- ANNA LAPPE
In today’s search for holidays with purpose, ‘responsible and ethical tourism’ has become something of a buzzword. The concept that one’s mode of transport, accommodation and sightseeing should have no negative impact on local people, wildlife and land – indeed, that it should positively affect them – is gaining traction among socially- and environmentally-aware world-wanderers. And for good reason.
Conscious travellers want to 'give back'
Modern mindful travellers have an inherent conflict in their passion – they love to travel and want to ‘give back’, but they know that travel, especially international air travel, can have serious ecological impacts. These conscious travellers want to contribute positively to their holiday destinations, but they often don’t know how.
The aim is no longer to visit a destination, taking away experiences and souvenirs that fit preconceived ideas regardless of environmental or social footprint, but rather to engage constructively and actively with the destination to enable a win-win situation. Fair wages for workers, eco-credentials, meaningful interactions with ‘real people’, investment in local cultures and preserving biodiversity have become prime concerns for eco-tourists looking to eschew the old model of holiday-making.
There are stumbling blocks
Of course, there are stumbling blocks. In some cases, finding seemingly responsible ethical tourism destinations is difficult to start with. In others, ascertaining whether what’s on offer truly benefits local wildlife, landscapes and communities can be downright impossible. As in any industry, unscrupulous chancers have no qualms about exploiting trends for their own ends.
A notable example is the infamous South African ‘canned lion’ industry, in which captive-born lion cubs are hand-reared by unwitting volunteers in the name of conservation, only to be shot in confined enclosures upon reaching ‘trophy’ status. It is suspected that their bones are exported to Asia for use in traditional medicine.
Or the handful of cheetah breeding centres which masquerade as active conservation and awareness centres but in fact function more like ‘edutainment’ cash-cows with no real benefit except to the operators’ pockets. This growing trend for breeding captive cheetahs is worrying not least for the fact that many are exported to the Middle East for the pet trade.
These may seem like obvious examples, but to the unsuspecting visitor it can be tricky to question the ethics behind such ventures – and many do not even think to ask. Amongst self-professed ecotourists, the chances of getting caught up in canned lion or cheetah breeding are probably pretty slim – these visitors pride themselves on being educated and aware of such issues. However they are not immune to falling for more subtle forms of pseudo-conservation in the safari industry.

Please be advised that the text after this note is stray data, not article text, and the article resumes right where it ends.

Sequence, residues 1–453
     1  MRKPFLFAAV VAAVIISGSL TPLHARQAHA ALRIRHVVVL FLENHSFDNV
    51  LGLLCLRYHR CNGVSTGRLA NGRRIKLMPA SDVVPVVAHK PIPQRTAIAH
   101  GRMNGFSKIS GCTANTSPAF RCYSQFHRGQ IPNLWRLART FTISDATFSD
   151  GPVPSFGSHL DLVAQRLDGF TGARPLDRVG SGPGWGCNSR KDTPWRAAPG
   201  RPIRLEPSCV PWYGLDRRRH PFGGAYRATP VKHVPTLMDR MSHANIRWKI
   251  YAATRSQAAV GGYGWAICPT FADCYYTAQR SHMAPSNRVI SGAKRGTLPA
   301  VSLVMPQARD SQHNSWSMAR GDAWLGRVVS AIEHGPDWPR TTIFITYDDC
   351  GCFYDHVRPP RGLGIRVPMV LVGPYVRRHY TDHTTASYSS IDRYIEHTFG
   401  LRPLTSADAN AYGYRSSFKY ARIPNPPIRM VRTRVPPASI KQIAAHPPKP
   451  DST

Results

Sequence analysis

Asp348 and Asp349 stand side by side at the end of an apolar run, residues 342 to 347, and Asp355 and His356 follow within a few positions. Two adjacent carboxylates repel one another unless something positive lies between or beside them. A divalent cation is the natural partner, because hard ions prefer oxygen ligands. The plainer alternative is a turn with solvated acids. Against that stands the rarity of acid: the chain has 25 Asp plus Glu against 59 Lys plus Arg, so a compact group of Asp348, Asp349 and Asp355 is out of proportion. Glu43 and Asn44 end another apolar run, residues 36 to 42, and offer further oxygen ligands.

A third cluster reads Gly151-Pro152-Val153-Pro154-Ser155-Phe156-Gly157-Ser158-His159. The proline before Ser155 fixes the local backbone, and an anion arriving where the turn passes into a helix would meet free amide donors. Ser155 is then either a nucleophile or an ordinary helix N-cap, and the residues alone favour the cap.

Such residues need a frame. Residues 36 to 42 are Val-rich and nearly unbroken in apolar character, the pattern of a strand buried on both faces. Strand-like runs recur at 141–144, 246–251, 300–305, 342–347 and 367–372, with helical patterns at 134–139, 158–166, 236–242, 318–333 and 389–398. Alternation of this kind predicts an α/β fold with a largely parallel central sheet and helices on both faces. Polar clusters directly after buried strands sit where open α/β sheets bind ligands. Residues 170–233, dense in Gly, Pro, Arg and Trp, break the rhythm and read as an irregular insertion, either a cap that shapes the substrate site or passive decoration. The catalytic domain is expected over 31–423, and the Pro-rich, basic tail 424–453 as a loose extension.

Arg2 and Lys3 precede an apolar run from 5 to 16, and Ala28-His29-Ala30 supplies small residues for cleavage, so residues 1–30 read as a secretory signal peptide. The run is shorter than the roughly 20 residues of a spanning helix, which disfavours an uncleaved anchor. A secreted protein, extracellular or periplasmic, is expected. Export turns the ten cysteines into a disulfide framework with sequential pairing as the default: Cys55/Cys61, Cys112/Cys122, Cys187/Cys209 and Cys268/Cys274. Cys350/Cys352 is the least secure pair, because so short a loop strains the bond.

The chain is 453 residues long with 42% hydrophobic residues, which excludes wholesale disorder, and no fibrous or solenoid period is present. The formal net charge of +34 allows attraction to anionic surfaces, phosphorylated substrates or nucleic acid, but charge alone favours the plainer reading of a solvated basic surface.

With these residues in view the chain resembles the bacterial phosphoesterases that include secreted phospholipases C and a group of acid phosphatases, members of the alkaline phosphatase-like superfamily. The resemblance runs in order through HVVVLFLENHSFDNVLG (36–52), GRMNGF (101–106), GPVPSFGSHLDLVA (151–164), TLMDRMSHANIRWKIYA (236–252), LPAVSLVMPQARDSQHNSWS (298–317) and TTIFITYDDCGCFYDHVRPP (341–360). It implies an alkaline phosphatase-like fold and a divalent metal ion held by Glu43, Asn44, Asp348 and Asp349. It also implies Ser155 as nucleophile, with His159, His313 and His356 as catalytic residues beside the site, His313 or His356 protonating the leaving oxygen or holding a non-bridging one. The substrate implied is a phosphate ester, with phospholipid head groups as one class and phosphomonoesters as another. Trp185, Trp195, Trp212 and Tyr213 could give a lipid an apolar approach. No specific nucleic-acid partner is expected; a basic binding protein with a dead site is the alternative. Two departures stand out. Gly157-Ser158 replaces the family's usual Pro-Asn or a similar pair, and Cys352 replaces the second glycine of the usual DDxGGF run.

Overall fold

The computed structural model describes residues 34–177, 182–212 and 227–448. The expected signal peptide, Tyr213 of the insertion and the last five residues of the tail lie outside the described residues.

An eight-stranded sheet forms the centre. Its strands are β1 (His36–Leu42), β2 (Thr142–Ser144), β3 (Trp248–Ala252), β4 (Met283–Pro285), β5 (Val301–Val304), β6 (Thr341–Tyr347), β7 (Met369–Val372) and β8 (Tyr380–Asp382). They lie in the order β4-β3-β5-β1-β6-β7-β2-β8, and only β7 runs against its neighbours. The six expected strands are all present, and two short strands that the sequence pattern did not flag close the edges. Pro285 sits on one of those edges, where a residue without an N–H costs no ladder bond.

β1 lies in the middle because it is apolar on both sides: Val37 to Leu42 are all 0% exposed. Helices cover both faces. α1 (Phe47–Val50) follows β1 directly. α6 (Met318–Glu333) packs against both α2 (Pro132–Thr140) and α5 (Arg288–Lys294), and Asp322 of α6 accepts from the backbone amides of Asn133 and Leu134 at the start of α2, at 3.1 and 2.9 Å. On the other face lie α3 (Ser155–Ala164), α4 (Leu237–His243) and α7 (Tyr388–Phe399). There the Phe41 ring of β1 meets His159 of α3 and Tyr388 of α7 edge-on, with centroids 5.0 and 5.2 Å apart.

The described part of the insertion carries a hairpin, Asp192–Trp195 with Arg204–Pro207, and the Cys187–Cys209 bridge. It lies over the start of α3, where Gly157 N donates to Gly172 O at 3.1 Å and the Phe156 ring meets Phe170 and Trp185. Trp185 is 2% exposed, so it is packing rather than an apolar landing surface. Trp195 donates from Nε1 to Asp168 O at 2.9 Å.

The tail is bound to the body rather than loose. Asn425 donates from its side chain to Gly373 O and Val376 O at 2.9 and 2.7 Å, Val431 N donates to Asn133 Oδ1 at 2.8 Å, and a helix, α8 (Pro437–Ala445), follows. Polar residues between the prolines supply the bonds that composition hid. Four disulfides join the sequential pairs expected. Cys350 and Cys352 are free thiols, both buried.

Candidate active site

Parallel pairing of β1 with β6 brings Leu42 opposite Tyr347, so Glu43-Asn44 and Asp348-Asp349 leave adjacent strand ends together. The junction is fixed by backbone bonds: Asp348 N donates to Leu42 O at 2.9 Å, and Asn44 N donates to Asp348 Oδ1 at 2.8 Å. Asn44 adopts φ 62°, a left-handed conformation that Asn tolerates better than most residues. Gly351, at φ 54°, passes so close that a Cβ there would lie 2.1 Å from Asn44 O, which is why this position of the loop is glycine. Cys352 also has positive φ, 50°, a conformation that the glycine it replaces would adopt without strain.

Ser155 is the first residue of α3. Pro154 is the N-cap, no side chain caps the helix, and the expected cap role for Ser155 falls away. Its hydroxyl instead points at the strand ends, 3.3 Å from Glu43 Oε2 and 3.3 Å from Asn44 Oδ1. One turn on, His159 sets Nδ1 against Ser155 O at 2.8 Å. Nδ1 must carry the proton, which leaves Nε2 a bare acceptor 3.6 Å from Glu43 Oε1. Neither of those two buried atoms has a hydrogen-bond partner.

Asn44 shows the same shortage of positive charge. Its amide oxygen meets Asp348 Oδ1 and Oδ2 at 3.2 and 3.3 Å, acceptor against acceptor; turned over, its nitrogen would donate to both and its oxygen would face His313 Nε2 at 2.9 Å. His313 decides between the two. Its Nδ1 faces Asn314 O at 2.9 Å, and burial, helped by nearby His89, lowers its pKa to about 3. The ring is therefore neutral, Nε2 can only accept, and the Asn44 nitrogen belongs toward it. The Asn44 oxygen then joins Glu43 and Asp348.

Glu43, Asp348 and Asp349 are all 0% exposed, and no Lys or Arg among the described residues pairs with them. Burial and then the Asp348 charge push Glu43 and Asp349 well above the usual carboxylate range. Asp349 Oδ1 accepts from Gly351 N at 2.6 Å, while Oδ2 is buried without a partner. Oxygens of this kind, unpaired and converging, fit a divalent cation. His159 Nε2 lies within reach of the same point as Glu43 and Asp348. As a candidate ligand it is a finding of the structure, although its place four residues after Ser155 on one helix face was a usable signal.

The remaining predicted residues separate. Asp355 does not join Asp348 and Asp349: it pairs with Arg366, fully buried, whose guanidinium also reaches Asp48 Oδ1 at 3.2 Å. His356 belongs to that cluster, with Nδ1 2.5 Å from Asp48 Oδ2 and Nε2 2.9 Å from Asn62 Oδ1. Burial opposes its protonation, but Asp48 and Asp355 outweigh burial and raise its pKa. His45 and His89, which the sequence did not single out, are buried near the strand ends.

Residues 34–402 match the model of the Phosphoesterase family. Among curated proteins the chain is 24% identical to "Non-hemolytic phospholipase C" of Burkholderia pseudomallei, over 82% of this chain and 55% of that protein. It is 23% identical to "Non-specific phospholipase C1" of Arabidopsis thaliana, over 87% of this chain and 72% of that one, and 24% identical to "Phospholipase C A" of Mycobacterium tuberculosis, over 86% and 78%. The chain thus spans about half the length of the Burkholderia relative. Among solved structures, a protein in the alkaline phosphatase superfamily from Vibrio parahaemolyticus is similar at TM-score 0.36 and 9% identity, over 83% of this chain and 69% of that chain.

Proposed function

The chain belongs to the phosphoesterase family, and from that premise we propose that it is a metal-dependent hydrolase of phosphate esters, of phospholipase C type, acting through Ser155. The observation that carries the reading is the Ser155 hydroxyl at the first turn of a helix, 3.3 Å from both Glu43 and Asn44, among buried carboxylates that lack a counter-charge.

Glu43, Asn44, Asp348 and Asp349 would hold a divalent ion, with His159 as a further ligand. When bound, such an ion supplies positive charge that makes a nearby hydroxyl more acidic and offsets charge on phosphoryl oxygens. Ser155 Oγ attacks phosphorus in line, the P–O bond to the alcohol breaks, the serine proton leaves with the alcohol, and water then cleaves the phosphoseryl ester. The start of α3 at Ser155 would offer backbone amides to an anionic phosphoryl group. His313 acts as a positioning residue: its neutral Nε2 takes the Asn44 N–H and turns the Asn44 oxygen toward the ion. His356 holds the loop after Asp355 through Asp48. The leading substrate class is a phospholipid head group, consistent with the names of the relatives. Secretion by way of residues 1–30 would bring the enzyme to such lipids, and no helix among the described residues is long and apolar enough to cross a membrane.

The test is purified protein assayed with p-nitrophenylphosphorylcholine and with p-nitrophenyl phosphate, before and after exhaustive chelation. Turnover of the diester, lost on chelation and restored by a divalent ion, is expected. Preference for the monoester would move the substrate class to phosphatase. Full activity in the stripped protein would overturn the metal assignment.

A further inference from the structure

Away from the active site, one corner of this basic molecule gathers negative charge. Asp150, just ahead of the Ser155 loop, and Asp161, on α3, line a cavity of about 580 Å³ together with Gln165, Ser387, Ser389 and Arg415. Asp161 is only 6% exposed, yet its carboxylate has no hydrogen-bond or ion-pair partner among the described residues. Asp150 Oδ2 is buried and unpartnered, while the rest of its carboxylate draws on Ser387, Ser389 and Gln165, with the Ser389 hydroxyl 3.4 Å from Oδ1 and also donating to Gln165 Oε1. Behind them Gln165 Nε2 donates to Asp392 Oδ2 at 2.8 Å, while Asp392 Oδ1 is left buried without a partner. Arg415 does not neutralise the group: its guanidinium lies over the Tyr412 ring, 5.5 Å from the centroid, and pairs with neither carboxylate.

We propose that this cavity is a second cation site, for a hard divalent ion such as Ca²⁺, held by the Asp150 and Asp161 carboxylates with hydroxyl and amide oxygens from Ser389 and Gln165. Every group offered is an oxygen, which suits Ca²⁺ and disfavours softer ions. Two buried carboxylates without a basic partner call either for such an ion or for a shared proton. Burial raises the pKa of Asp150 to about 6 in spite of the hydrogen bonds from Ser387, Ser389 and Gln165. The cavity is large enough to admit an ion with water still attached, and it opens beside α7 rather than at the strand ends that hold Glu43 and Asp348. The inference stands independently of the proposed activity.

Like many developing countries, South Africa’s economy relies heavily on tourism. According to the World Travel & Tourism Council, the industry supports, directly and indirectly, 9% of total GDP. Much of this is spent on Cape Town, the fabled ‘Mother City’, and on safaris. Visitors from around the world travel thousands of kilometres and pay substantial sums for the privilege of watching a colossal African elephant moving silently through the veld, or a mother cheetah perched on a termite mound with her cubs. These iconic, magical moments are for many visitors the epitome of their African experience.
Some operators are happy to set up these moments despite the potential ecological cost
Which is why some operators are happy to do their best to set up these moments despite the potential ecological cost. This includes the practice of keeping artificially high numbers of predators in small reserves to ensure the perfect Kodak moment for tourists, whilst surreptitiously shipping in prey species on a monthly basis to feed them.
Or the competition between neighbouring game lodges in areas of high tourism density which sees the creation of multiple waterholes in the same vicinity to attract game, interfering with the natural migrations between water sources and thus widening the area of impact on vegetation. Or even the common practice of driving off-road to secure the best sightings, with scant regard for the insects, plants, bird nests and other biodiversity trodden on in the process.
Despite their dubious conservation rationale, to the untrained eye, none of these practices seem overtly unethical or irresponsible. And indeed, because they often lead to excellent game-viewing, even when alerted to these facts tourists may choose to turn a blind eye. In the stand-off between ecology and Instagram, ecology rarely wins.
This makes it difficult for those mindful travellers seeking an authentic, informed and meaningful experience to sort the wheat from the chaff. For some companies, eco-credentials are nothing but an effective marketing tool with little actual substance. In many cases, seemingly ‘natural’ environments have actually been artificially manufactured for tourism purposes. One might argue that this is immaterial so long as money is being put into conservation. However the sustainability of such endeavours in the long-run is questionable.
Our advice for those seeking truly responsible ethical tourism destinations in a sea of (mis)information? Read widely, dig a little deeper, ask difficult questions. And finally, vote with your wallet.